The other four apps in the suite, Blu-Ray Converter, DVD Converter, Audio Converter and Video Converter are each simple and straightforward format converters that doubtless do what they do, but, and there’s always a but, these apps were particularly difficult to use, not because they are particularly complex or convoluted in their GUI or in their layout, but because the software developers decided in their infinite wisdom to force a bright white colour scheme on the user, without any discernable way for the user to customise it with either a skin or with another contrast in colours. For users with visual impairment, as per the W3C accessibility protocols, this forcing of a white background when used with white text on a high contrast system colour scheme, renders all these apps useless. They are simply impossible to navigate as it is impossible to see what you are doing or where you can navigate to in order to customize the colour palette.


That said, for those with no visual disabilities, the apps do as they claim and as a whole, the suite is a handy addition to any arsenal of software tools particularly in this multimedian age.

Pros: Good at what it does,

Cons: Excludes people with accessibility issues such as those with visual impairment


Undelete 2009

Probably one of the most understated and indeed under-rated pieces of software utility is the ability to recover files inadvertantly deleted by users when they’ve either not been backed up, or have been updated in different versions, and then somehow, usually due to human error, the deleted digital asset needs to be recovered but has sometimes been permanently wiped and no longer exists, as far as the user is concerned.

Enter Undelete, one of those operating system utility apps that you hopefully never have to use, but nevertheless, sits quietly doing its thing on your hard drive ready to save your bacon when the unthinkable happens.

Replacing the Recycle Bin with a RecoveryBin in Windows, Undelete is a breeze to install and then just hides in the background with some rather nifty additional capabilities over and above the usual undelete functions of Windows.

Probably one of the most significant extensions to the standard undelete features of Windows is Undelete’s ability to surpass the standard file size deletion and recovery size with the old Recycle Bin, in fact, any file can be recovered no matter how large, so for those huge video files or other rich media megafiles, Undelete’s RecoveryBin extension is de rigeur.

Apart from backing up such megafiles on other media, such as CD or DVD blanks, or even copied over to other HD media, the ability for Undelete to save and restore such files on the same drive they were deleted on is a godsend for most.

In all, Undelete is one of those understated apps that one hopes one never needs, and so it should be, but on the off-chance something goes awry, Undelete is one of those software programs that is priceless to have around. Available in both standalone and server versions, Undelete is due for an update later this year, but for the time being the 2009 version is far and away one of the most handy apps to keep installed no matter what else comes and goes from Control Panel.


Pros: A lifesaver for those of us who tend to delete files and then wonder where they are.

Cons: None that need worry anyone unduly.

Diskeeper 11 Professional

As storage and content volumes surge, the need to manage content and keep it in tip-top condition from a search and retrieval perspective rises commensurately.

Consequently, disk drive performance becomes vital to enterprise and workflow productivity.

Enter then the disk defragementation software tools, that help to tidy up the big mess that normal day-to-day use engenders.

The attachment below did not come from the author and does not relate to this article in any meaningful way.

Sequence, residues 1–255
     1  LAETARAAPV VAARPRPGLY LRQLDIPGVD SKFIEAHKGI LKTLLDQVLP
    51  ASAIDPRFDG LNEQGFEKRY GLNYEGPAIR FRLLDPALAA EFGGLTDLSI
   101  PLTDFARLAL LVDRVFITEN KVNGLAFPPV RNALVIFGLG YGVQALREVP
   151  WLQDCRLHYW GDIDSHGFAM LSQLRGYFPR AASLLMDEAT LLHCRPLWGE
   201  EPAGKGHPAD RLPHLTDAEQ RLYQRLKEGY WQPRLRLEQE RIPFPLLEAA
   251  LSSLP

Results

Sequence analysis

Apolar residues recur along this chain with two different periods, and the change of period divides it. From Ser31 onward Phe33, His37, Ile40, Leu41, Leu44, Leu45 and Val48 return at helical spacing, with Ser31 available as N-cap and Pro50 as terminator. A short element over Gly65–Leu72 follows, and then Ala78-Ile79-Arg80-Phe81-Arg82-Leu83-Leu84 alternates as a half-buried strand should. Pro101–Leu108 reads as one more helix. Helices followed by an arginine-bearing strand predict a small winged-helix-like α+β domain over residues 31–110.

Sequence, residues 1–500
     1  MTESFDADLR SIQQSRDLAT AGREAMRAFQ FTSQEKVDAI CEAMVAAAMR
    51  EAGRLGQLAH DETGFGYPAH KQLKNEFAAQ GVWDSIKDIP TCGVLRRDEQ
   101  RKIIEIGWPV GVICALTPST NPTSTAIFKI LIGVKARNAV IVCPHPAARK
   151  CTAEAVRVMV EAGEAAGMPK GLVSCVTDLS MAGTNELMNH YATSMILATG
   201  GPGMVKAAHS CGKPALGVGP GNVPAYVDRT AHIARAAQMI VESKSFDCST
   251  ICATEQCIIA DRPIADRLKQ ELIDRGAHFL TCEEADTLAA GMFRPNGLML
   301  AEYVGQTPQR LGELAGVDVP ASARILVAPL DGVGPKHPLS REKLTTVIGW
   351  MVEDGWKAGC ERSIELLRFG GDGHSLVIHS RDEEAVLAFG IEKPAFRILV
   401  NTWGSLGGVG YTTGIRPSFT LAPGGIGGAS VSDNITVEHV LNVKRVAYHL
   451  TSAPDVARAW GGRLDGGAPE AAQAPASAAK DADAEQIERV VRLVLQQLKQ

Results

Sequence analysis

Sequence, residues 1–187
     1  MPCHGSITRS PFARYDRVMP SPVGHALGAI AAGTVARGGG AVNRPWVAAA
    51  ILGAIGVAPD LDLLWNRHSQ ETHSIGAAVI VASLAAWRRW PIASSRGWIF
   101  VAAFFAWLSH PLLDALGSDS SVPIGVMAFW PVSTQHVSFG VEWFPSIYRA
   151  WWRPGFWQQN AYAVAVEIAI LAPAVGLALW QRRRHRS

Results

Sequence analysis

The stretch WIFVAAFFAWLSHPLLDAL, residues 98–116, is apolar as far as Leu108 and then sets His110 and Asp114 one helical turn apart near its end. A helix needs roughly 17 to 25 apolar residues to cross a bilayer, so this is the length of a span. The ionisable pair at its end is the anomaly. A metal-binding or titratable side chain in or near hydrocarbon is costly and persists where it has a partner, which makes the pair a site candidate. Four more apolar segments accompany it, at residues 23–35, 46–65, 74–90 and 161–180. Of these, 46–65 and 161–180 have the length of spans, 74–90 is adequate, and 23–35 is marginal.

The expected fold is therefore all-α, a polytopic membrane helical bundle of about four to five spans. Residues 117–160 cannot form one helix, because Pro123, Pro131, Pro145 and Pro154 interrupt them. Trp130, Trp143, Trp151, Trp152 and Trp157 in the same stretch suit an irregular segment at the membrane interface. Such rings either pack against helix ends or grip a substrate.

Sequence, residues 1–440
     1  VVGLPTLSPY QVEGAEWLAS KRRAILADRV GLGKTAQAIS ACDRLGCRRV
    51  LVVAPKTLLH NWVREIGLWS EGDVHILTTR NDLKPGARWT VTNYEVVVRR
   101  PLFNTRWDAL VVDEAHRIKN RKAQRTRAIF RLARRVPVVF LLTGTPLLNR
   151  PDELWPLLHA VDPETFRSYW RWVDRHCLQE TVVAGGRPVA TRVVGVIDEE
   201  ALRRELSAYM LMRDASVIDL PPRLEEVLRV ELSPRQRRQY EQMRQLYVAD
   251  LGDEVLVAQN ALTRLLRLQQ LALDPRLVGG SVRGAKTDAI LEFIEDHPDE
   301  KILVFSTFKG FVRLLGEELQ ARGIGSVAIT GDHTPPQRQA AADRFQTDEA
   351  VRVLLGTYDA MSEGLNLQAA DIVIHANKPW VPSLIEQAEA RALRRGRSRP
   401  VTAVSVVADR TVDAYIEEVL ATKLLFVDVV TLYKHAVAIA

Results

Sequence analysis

One such recent arrival on the scene is Diskeeper 11 Professional, and update in a long-running series of established apps to do just that.

Despite the fact that operating systems these days routinely tend to come bundled with some functional basic defrag app, the fact is that they tend to be fairly simplistic and apparently, not able or equipped to do all of the IT housework that users might expect.

Diskeeper’s eleventh outing is a easy-to-use standalone app that not only defrags on demand, but also has settings to defrag in the background whilst users get on with their core business work – hence making full use of the processor power during idle time – a nice feature.

We ran Diskeeper after having run Auslogic’s freeware Disk Defragment app, and despite the fact the SATA drives had been optimised, the Diskeeper 11 app still managed to reorder the files and data on each of the drives to make them even better organised than before.

Installation was a breeze, with the programme running automatically on setup. Where users have multiple drives, the window opens one on top of another, which threw us initially as it wasn’t immediately clear whether the process had started or not, but once this was apparent, the windows could be spaced apart. The progress indicator was also somewhat obscure at first, and instead of having a standard progress bar in the centre of the screen, the Status Bar in the bottom of each drive window shows the percentage of data defragged thus far, and indicates ‘Done’ when complete.

A full set of two terabyte drives and a gigabyte drive took about 15 minutes to complete with no other activities being attempted in the foreground. That said, we had already run Auslogic’s app the previous session, so one would expect Diskeeper to take upwards of an hour or two to complete a full defrag on an unoptimised drive.

For an activity that is ostensibly tedious, using Diskeeper was painless and the speed of bootup seemed to be a tad faster, but this always depends on what other apps get loaded automatically on startup.

Worth a try, despite the fact that there are other freeware defrag apps out there, Diskeeper seems to offer something more and has been designed for both small businesses and enterprise drive users alike.


Cons: Drive window layout confusing at first, aesthetic but confusing to new users.
Pros: Fast, does good defrag job over competition.